In France, the artisanal trades of bread baking and haute pâtisserie—like the rest of the country’s culinary scene—have historically been dominated by men. Nicolas Stohrer, King Louis XV’s pastry chef and the founder of the oldest pastry shop in Paris, along with Marie-Antoine Carême, the onetime chef to the royal court, set the course in the 18th century by inventing everything from profiteroles to the boozy baba au rhum. The generations of male bakers that followed often credited their mères and grands-mères as inspiration for their careers, but women have otherwise been footnotes at best.
No longer: Entrepreneurial women now run many of the capital’s most beloved sweets destinations.
Julie Mathieu, co-owner and founding editor of Fou de Pâtisserie, a pastry concept shop and France’s leading baking magazine, says the recent proliferation of women-run specialty shops is the result of a gradual shift, spurred in part by the public’s consumption of baking shows and food magazines. “Over time, the more women who succeeded at living out their passion, the more it reassured other women to dive in,” she says.
In bypassing the rigidity of the hierarchical kitchen brigade, and the classic trajectory in which men are most often in command, women have emancipated themselves from the stiff codes of tradition to create on their own terms—whether that means riffing on classic French recipes or devising the next great confection. That inventiveness is on full display at Mathieu’s latest Fou de Pâtisserie outpost—a Left Bank tea salon, opened this fall with her wife and business partner, Muriel Tallandier, where guests can sample pastries prepared by the city’s leading chefs, from Claire Heitzler and Mélanie L’Héritier to Pierre Hermé and Mori Yoshida.
When it comes to bread, Paris can thank the self-taught French British baking duo Alice Quillet and Anna Trattles for helping take the city beyond the baguette. At Ten Belles Bread, an 11th arrondissement offshoot of their wildly successful specialty coffee shop of the same name, they focus on varied breads, pies, and English-inspired sweets that end up on the tables of top restaurants like Septime. The pair have earned a reputation for robust, perfectly crisp sourdough, which passersby can watch them shape through the kitchen window. Quillet attributes the success of women bakers in part to “the general push in France toward training to preserve traditional crafts—and, from a purely practical perspective, the fact that flour mills are finally offering 55-pound bags. It makes a huge difference to the physicality of baking professionally.”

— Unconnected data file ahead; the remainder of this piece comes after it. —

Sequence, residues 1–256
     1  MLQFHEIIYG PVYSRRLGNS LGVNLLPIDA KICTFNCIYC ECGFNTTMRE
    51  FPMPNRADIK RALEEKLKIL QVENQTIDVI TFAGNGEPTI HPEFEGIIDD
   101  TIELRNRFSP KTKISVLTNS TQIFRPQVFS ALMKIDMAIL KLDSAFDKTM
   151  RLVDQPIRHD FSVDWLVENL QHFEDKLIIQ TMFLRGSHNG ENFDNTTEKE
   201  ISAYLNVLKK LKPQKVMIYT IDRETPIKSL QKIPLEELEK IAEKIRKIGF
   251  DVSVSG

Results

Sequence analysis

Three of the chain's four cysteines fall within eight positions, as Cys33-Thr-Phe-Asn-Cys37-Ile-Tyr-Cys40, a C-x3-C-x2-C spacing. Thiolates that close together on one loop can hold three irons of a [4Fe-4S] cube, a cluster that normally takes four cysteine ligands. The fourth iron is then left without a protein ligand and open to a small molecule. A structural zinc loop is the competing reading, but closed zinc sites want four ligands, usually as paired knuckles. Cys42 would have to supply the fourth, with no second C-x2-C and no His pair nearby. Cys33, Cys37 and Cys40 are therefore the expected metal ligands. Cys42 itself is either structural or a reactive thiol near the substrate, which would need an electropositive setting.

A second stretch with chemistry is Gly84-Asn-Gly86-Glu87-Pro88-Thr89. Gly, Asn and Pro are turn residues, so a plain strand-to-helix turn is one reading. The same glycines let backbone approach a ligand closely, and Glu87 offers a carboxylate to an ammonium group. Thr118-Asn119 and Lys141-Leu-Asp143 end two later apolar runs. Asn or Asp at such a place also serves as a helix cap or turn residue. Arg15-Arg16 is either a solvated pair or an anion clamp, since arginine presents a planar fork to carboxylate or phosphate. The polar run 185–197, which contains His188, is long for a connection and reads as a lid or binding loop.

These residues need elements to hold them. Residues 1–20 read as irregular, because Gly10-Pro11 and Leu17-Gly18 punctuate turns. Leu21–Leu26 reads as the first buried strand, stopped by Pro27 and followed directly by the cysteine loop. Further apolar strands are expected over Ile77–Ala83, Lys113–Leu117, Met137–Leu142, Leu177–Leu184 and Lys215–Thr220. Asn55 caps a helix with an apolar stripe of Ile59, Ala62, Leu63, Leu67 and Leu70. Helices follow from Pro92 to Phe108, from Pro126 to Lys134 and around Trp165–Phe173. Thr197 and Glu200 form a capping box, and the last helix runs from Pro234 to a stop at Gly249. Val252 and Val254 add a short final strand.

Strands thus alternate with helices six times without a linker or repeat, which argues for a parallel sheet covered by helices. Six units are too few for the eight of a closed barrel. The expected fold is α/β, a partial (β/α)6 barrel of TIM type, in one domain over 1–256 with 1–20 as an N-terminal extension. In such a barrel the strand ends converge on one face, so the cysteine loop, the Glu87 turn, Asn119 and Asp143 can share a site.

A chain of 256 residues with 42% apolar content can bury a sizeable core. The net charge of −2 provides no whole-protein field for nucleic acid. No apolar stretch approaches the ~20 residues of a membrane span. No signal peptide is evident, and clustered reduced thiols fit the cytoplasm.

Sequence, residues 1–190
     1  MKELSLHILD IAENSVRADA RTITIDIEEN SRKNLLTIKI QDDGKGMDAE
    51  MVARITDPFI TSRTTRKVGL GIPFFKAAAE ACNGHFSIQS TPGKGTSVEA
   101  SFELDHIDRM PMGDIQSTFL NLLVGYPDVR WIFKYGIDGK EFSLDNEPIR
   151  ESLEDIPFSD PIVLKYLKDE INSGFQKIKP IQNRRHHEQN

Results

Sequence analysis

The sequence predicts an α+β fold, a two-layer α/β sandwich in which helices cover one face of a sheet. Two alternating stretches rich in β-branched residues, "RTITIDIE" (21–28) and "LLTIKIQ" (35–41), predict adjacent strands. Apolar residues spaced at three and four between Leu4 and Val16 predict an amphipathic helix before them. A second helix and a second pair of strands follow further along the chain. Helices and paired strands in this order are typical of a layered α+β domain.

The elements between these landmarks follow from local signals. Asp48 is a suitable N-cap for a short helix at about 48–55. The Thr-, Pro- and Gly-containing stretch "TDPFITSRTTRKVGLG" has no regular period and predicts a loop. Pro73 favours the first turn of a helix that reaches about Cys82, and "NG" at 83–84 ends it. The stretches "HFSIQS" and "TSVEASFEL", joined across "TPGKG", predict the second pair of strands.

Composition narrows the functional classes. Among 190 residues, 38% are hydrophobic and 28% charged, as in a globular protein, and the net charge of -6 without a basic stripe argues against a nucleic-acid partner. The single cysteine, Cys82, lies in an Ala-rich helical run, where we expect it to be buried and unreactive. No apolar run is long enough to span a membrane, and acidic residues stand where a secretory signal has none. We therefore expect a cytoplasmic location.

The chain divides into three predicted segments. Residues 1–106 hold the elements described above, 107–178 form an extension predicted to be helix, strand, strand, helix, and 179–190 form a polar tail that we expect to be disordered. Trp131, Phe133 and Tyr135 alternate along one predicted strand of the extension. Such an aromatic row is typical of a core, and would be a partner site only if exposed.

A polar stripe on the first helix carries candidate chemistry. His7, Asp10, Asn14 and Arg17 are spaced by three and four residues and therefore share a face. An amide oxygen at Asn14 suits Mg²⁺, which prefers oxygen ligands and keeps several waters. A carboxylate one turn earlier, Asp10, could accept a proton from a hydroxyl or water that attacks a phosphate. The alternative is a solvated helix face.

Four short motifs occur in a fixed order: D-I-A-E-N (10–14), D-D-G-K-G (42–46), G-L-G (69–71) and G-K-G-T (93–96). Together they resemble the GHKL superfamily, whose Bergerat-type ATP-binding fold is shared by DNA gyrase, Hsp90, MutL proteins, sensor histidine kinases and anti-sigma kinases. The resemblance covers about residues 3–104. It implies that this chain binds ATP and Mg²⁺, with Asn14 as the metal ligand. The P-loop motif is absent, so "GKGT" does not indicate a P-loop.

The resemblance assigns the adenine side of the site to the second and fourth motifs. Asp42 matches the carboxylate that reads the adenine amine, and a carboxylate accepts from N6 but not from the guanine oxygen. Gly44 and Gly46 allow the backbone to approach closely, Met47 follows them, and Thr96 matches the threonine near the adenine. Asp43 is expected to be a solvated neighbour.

At the boulangerie and pâtisserie Mamiche, founders Cécile Khayat and Victoria Effantin are expanding the classic pastry-case repertoire—and with it, their business. At a second location, opened in 2019 a few blocks from the Canal Saint-Martin, the young bakers and their team balance staples like rustic country loaves and choux filled with luscious vanilla cream with other, less expected treats, including orange blossom brioche and decadent cinnamon rolls.
Women are also behind some of today’s most diverse pastry flavors. Myriam Sabet’s Marais boutique, Maison Aleph, specializes in Levantine pastries that play up French technique, with textures and flavors from the region (such as the kadaïf angel hair nests made with clarified butter, filled with flavored creams or candied fruit), while Sarah Amouyal and her husband, Emmanuel Murat, have brought Jewish mainstays, from rugelach and challah to babka in a host of flavors, to the forefront at Babka Zana in South Pigalle. The future of the Paris patisserie is in good hands.
This article appeared in the January/February 2021 issue of Condé Nast Traveler. Subscribe to the magazine here.
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